Social workers to protesters: Don’t forget society’s poor

While the middle class struggle is authentic and justified, it is important not to forget the weaker socioeconomic populations.

Sunday's Social Worker's Protest _311 (photo credit: Marc Israel Sellem)
Sunday's Social Worker's Protest _311
(photo credit: Marc Israel Sellem)
Calling the social protests authentic and justified, the Social Workers Union on Sunday called on those leading the battle not to forget about society’s weaker sectors and use their position to help create social rights legislation that will benefit everyone.
“The social protests are authentic, important and justified without a doubt but we hope that they will create real social change in the State of Israel, including legislation that ensures basic social rights for every citizen,” the union, which represents more than 11,000 social workers caring for some of the most poverty stricken families, wrote in a statement sent out to those leading the tent city protests.
According to Social Worker’s Union head Itzhik Perry, if a law protecting social rights was created then the government would not be able to make cutbacks to essential welfare benefits for the poor, which it has been doing in recent years, and could even control the continual increase in the cost of water and basic staples.
Over the past three weeks, hundreds of thousands of people, mostly those considered middle class, have been protesting the high cost of living and rising housing prices in makeshift tent cities around the country.
Although a wide variety of groups have joined in with their specific demands, the overall theme of the protests has been a demand for the government to prioritize social issues. On Sunday, Prime Minister Binyamin Netanyahu declared the establishment of a special task force to find a solution to these social protests.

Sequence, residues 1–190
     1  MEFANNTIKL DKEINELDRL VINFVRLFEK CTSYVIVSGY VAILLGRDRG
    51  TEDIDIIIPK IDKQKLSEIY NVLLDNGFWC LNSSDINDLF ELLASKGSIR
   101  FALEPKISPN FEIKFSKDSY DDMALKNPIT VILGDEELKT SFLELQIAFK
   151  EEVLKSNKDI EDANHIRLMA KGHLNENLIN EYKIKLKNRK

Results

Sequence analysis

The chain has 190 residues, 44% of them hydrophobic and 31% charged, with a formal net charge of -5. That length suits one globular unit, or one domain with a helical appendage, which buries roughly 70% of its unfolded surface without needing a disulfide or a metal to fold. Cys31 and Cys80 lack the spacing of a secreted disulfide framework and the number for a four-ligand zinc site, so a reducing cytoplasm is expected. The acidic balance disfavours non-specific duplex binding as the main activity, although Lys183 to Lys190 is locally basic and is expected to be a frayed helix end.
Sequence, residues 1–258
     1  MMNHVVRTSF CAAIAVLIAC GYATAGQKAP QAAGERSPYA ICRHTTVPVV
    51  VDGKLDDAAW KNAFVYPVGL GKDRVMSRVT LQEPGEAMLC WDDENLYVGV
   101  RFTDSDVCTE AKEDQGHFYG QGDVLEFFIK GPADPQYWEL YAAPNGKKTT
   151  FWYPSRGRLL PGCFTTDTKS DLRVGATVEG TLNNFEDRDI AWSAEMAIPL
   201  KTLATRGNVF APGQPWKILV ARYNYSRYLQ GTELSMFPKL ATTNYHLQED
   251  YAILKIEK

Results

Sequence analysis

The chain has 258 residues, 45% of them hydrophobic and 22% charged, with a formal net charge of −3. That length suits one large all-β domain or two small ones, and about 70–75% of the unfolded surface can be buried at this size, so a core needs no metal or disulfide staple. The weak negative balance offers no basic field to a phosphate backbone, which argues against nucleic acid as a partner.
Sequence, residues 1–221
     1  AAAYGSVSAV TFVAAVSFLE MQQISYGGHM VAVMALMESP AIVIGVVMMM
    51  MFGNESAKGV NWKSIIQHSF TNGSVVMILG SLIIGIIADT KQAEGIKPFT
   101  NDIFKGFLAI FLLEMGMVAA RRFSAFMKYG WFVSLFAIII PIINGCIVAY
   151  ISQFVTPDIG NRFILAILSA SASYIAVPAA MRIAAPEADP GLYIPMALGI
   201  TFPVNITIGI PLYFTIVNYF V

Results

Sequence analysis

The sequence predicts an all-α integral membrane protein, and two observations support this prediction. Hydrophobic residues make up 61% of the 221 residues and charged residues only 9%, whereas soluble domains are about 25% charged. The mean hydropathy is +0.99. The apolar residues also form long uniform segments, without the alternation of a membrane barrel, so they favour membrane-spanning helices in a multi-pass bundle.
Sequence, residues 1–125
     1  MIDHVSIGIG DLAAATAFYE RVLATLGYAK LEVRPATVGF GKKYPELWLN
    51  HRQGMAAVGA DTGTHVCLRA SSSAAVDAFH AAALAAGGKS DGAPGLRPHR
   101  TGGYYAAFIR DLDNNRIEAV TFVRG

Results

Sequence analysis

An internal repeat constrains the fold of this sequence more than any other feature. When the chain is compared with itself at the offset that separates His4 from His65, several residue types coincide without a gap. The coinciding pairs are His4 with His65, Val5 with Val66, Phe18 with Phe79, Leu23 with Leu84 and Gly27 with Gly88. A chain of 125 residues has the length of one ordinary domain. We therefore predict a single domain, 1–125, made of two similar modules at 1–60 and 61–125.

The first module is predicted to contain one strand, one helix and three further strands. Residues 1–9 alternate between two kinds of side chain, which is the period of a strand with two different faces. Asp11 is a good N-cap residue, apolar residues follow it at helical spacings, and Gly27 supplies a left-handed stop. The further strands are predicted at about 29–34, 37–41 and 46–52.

“What we are seeing today is a series of protests that will no doubt bring about social change but it is important that even though the focus right now is on the middle classes, we must not forget the weaker socioeconomic populations in this country too,” said Perry.
He pointed out that thousands of families entitled to public housing have been forced to wait for many years in order to fulfill this right and many more suffer daily from severe poverty.
On Sunday morning, several protesters – who claim they have nowhere else to live – were arrested in Jerusalem outside the offices of Israel’s public housing company, Amidar, as they attempted to raise awareness of their plight.
Less than four months ago, the social workers themselves spent three weeks striking in protest over their own low salaries and lack of resources for working with thousands of needy families and individuals. Even thought they eventually reached an agreement with the Finance Ministry to increase their pay, the union has already warned that they will likely have no choice but to strike again in 2014 when that agreement officially expires.
According to the union, the last poverty report published in November by the National Insurance Institute shows that roughly 20 percent of Israeli citizens lives below the poverty line.
“It is time that we use this wave of protests to make sure that social justice is found for all people in order to improve everyone’s standard of living,” said Perry.
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